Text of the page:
M’Bappe scored the second, the first coming from another deeply impressive Parisian, Presnel Kimpembe, having been set up by former United player Angel di Maria – the architect of both goals to inflict Solskjaer’s first defeat as United manager.

Paris Saint-Germain's French forward Kylian Mbappe (L) and Paris Saint-Germain's Brazilian forward Neymar (R) react  during the French L1 football match between Paris Saint-Germain (PSG) and Angers (SCO) at the Parc des Princes stadium in Paris on October 2, 2020. / AFP / FRANCK FIFE

They were clear favourites to advance to the quarter finals and their fans speculated about who their opponents would be, as did the French media and PSG as a club – something United noted.

When I asked Solskjaer this year whether he was surprised by what happened that night in Paris, he replied in the negative. “I put a team in my head when I walked out in the stadium the day before. I looked at the players and thought ‘No. I need to play him and him because we have a chance here’. The game went exactly how we planned. We wanted to get to the last 10 minutes with one goal in it. I would have been happy at 1-0 after 80 minutes. We were missing so many that it was impossible for us to go out there and outplay PSG.

“We had to play a clever game and we changed our system in the match. In the first half we played a 4-4-2 with a low block and two low strikers. We had a couple of video sessions. Kieran (McKenna) and Michael (Carrick) were different class. We had a long meeting with Fred and Scott (McTominay). Fred played that system at Shakhtar. We actually used a Shakhtar v Man City game to show him what we wanted him to do. We worked on Marcus and Romelu up front."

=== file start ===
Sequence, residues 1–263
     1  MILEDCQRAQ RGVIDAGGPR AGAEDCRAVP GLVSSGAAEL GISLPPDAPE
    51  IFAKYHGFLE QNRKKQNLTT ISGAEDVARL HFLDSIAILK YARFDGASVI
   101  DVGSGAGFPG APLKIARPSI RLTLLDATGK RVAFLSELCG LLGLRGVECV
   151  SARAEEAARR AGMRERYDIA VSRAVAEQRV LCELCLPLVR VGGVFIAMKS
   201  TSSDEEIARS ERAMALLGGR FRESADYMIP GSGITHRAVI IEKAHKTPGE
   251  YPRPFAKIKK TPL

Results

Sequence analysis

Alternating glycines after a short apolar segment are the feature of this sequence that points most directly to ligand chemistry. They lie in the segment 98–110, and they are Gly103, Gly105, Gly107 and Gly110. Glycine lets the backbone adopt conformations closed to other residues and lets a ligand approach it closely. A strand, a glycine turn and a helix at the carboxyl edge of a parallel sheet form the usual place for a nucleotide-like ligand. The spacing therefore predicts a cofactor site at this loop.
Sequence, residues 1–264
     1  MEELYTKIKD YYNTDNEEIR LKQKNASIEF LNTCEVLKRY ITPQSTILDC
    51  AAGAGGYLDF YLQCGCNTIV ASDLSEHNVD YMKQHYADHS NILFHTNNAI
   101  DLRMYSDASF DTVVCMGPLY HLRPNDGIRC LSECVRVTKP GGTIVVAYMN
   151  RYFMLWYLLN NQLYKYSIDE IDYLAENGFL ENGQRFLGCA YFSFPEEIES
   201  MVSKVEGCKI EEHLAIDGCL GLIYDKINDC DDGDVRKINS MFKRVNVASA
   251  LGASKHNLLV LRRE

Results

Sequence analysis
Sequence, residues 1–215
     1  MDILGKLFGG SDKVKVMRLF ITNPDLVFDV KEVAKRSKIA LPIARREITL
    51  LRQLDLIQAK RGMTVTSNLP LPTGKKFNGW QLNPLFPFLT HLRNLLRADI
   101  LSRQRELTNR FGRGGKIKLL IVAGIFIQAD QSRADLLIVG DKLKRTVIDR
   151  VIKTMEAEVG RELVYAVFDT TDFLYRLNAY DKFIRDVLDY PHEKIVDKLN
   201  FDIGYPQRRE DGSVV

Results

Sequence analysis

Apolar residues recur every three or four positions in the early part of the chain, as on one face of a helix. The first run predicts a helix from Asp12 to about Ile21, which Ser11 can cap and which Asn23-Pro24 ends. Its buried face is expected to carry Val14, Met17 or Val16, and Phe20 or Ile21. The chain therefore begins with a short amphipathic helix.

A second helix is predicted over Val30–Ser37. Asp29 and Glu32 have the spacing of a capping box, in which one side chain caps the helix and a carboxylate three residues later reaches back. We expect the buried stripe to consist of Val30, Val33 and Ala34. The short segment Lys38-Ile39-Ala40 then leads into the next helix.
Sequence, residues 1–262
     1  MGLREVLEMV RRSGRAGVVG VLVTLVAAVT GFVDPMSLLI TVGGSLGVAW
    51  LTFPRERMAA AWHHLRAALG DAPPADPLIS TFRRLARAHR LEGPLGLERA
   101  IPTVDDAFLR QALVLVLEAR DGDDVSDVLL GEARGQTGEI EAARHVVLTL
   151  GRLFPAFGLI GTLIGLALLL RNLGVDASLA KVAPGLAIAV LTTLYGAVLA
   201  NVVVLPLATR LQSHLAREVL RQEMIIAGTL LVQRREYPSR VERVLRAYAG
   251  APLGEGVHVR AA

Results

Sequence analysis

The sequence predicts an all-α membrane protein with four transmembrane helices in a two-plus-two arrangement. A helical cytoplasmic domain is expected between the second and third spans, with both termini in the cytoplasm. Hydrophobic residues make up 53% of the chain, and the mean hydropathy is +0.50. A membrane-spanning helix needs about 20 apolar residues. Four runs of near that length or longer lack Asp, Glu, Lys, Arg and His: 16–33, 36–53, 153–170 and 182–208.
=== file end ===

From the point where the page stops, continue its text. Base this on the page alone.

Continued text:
Solskjaer felt that PSG were too confident, too comfortable. “We wanted the game to be slow, where they felt they had nothing to push for because they were through. Then we planned to hit them quickly on the break. This team can do that. Fast.

“In the press conference the night before, I wasn’t lying when I said that I thought we could do it. I loved the reaction after that game, the happiness, but we were also mentally and physically tired and we felt it after.”

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Again, PSG will be clear favourites though, like United, they had a bumpy start to the season, losing their first two league games – but winning the five since. United beat Newcastle 4-1 on Saturday and while the coaches know they played well, they also know that more stray passes in midfield will be picked up on and punished in Paris.

Parc de Princes was bouncing with noise and colour last time. On Tuesday, the stadium will be almost empty and Paris is facing a 9pm curfew. There will be no packed away end singing in the rain, but with their recent history and so many players having represented both clubs, plus United’s Parisian players Paul Pogba and Anthony Martial, what happens on the pitch will still be intriguing.

United feel there are always goals in their side. Adding Cavani should mean more.